A walk into the 3,500-square-foot WOFL-Channel 35 news studio in Lake Mary shows how technology has changed the television-news industry.
Thirty-five 55-inch monitors form a large wall that anchors use to report the day’s news.
On the far left of the studio, meteorologist Glenn Richards uses some of the most advanced weather-tracking equipment in the industry.
And just to the right of the behemoth monitor wall, anchors can track in real time what people are saying on social media about a story or topic.
“In every story, there is a piece of technology being used that didn’t exist three to five years ago,” said Mack McLaughlin of FX Design Group in Ocoee, which built the set.
FX Design Group has worked with many of the television stations in Orlando, along with Central Florida companies such as Tupperware and The Golf Channel. FX has built at least half-dozen sets for WOFL alone.
Set designer Rachel Bulgrin of FX said her “eyes were a little shiny” at the set’s debut.
“Coming from a theater background, that process as a designer keeps me going and seeing it brought to life, it’s like Christmas morning,” she said.
Earlier this month, WOFL debuted its new high-tech set, which took about one year to complete.
“They are using it well, and the idea behind it is not about the technology but about how the technology can help tell a story,” McLaughlin said.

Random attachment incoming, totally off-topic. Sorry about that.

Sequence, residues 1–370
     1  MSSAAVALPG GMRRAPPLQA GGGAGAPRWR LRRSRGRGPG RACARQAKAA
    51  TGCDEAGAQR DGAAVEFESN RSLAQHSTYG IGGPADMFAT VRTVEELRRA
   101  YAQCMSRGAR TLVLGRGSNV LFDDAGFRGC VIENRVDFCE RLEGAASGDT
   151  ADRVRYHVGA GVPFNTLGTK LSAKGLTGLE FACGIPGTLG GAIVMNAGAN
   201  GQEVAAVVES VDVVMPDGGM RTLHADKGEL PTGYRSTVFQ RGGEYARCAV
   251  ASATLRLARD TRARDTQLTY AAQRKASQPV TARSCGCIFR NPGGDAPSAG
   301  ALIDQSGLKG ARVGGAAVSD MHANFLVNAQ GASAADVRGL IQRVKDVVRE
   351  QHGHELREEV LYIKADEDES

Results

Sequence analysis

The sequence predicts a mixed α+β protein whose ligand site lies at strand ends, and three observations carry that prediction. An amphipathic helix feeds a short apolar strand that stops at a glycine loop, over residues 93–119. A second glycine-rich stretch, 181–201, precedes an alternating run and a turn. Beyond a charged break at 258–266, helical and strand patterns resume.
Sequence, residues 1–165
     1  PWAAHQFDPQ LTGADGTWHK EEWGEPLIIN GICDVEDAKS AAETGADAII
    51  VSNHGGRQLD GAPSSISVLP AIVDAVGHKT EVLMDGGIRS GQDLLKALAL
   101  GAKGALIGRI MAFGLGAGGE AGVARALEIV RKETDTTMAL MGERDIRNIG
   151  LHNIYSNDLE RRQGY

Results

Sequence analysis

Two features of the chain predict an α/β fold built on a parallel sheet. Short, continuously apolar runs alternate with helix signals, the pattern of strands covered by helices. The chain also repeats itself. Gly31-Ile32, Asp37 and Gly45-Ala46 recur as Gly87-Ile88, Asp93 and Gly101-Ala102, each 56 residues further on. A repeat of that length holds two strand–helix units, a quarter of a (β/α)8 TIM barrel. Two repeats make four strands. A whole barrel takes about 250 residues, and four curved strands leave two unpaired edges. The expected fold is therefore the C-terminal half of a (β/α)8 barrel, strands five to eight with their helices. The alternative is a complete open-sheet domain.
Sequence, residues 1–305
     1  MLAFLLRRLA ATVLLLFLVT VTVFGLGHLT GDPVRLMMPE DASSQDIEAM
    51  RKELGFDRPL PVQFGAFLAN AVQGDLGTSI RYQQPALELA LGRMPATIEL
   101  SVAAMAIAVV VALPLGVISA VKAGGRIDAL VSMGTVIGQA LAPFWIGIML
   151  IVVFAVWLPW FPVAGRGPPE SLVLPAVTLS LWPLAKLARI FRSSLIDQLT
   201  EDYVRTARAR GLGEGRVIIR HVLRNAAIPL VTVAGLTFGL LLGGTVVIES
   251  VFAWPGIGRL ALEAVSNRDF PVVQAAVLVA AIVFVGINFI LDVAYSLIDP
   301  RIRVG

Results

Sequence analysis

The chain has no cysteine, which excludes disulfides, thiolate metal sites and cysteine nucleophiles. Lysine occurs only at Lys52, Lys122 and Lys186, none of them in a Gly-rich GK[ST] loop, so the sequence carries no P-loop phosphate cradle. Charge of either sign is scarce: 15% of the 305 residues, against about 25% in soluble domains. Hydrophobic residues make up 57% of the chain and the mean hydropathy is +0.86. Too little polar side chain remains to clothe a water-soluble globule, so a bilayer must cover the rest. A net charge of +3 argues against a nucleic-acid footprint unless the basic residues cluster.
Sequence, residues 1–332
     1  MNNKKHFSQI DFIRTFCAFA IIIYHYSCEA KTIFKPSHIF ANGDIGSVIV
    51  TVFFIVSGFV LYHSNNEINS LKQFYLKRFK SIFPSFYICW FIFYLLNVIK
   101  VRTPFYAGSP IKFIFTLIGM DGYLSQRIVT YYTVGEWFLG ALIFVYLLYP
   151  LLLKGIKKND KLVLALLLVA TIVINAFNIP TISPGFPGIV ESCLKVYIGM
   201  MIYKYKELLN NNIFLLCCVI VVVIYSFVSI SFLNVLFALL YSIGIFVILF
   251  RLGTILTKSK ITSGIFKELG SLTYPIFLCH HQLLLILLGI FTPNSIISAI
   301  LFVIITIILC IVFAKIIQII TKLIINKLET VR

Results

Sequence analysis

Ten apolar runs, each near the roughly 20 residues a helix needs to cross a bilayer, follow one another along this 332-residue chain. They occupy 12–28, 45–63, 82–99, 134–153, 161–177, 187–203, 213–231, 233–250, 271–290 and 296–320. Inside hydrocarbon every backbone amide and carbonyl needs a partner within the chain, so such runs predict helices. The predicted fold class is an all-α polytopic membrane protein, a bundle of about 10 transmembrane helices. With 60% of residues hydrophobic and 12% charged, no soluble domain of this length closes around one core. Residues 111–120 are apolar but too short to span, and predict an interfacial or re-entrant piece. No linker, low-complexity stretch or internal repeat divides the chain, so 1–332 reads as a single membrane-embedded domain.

Along with the social-media wall and monitor screen, it also includes interchangeable sets for the morning show, as well as programmable television cameras, which the studio has had for a number of years.
It all comes together to create a flexible set that gives the station the ability to adjust its storytelling on the fly.
“People don’t consume media the same way they once did,” said Allyson Meyers, general manager at WOFL, a Fox affiliate and news partner of Orlando Sentinel. “We knew we had to plan for the future. Social media is not going away, so we have to stay up with it and incorporate it.”
Producers have a lot of flexibility when it comes to newscasts, too: Different configurations can open up more than 20 different sets, along with more options to display graphics or video feeds on the monitor wall.
On a recent afternoon, producers quickly switched between a stage designed for anchors to promote an upcoming newscast to a desk setting for the same duo.
Just after that, Richards recorded an intro to his weather segment as cameras floated across the stage on preprogrammed paths.
Chris Friedrichs, the station’s creative director, said he and news director Jeff Zeller “wanted to reinvent the way he told his stories every night, and we needed something that was sleek and innovative. We wanted it to be sexy and bold and capture people’s interest.”
Meyers said the push to change the set, which hadn’t been updated for about 13 years, occurred after she visited Fox’s national news studio in New York. Upon returning, she sought “outside of the box” ideas to incorporate into a redesign.
“If we want to be able to differentiate ourselves in a very competitive marketplace, we have to have the tools to do so,” she said. “Technology has changed, forevermore, how media consumers get their content.”
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